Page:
On the edge of the Quarter is another cocktail-centric bar that’s an easy walk, and although Neal is no longer involved since he opened Cure he did design their initial cocktail list. That’s Bar Tonique, 820 N. Rampart St. between St. Ann and Dumaine, which opened last August. Comfortable banquette seating, subdued lighting, a great collection of spirits, house-made tonic and cherries, and I’ve heard they’ve got a good crew of bartenders. Very much worth a visit.
Most of you already know these next two places, but just in case … the French 75 Bar at Arnaud’s Restaurant, 813 Bienville St. in the Quarter, is a warm, comfortable space attached to one of the city’s grand old Creole restaurants. Chris Hannah, one of NOLA’s best, is behind the stick there, although as usual we can’t vouch for his schedule during Tales. Have him fix you a classic, or one of his originals like the lovely Bywater cocktail. Over in the CBD at the Père Marquette Hotel at 817 Common St. is Bar Uncommon, presided over by the legendary Chris McMillian, a walking, shaking and stirring compendium of cocktail and New Orleans history and undoubtedly the greatest maker of mint juleps you’ll ever see. It’s a joy to be at the bar with Chris and I urge you to seek him out, although again his schedule is likely to be full with Tales events. If you see either of these gentlemen during Tales, ask them if you’ll get a chance to see them behind the stick that week. Chris McMillian you’ll recognize from the video link above; Chris Hannah says, “I’m the bald guy with glasses.”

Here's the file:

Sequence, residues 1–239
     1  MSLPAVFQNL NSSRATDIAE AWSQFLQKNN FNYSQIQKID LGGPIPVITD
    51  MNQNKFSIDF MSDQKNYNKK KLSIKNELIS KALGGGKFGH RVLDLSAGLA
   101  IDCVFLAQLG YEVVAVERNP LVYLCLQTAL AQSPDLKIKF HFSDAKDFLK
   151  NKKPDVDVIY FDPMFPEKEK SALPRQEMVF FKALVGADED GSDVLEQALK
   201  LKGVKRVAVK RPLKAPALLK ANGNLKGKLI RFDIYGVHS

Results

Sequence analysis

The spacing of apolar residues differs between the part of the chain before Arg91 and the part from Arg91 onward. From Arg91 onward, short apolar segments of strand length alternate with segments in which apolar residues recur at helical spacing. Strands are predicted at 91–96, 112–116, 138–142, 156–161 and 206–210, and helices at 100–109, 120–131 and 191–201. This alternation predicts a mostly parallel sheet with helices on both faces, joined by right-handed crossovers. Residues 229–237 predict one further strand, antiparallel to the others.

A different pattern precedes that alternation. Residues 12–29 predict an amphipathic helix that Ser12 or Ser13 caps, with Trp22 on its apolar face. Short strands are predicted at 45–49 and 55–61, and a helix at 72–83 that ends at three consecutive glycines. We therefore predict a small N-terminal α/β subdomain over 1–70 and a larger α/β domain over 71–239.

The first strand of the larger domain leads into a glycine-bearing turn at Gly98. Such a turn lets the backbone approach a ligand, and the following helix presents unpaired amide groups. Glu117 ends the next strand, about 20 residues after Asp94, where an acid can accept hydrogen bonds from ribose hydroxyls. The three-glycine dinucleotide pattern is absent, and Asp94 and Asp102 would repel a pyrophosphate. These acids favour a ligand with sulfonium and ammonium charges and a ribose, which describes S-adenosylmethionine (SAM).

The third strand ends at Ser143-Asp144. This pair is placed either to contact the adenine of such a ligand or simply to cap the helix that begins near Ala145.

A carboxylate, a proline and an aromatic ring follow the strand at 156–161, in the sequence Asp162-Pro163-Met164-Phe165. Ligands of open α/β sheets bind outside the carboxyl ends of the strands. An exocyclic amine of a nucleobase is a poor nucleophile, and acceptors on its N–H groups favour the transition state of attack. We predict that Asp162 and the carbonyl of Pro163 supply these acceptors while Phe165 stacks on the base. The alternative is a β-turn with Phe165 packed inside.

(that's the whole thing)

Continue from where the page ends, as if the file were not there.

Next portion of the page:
A few other places worth mentioning, all within a block or so on Decatur Street: Pravda is at 1113 Decatur, has a lovely courtyard with tables, and a fairly wide selection of French and Swiss absinthes with proper absinthe service. There are some classic dives in the same block — Molly’s at the Market at 1107 Decatur is a longtime favorite of late-night Quarter drinkers. The Abbey at 1123 Decatur is “probably the diviest,” says my friend Michael. “You truly never know what will happen when you go in there but it is nearly always memorable.” The next block has Aunt Tiki’s at 1207 Decatur, which does have tiki decor but isn’t exactly what I’d call a tiki bar (not if you’re used to the likes of Tiki Ti, for instance). It’s in a space formerly occupied by a dive bar called The Hideout. ”Expect lots of tattoos and piercings, loud jukeboxes, and you’ll probably have to dodge the gutter punks begging on the sidewalk,” says Michael, “but it provides a side of New Orleans that you can’t experience anywhere else.” Great jukebox, too.
In the food post last week I mentioned restaurant Iris in the Bienville House hotel and their long, comfortable bar presided over by “spirit handler” Alan Walter. Just a reminder to check that place out, and a half a block down from Bienville House toward Canal is a little place we’ve become rather fond of over the last couple of years, Attiki Bar and Grill at 230 Decatur. Good Mediterranean food as well as huge fried soft-shell po-boys (for nine bucks!), friendly staff and truly killer Bloody Marys from a house-made mix. Last year we taught them how to turn a Bloody Mary into a Red Snapper by substituting gin for vodka (which I’ll take over a plain ol’ vodka Bloody Mary any day of the week). They were fascinated and enthusiastic, and started recommending them to their other customers. (As I said, good people.) All that plus free wi-fi.
Those places, plus everything else, should keep you busy. Just don’t blame me for your liver fatigue!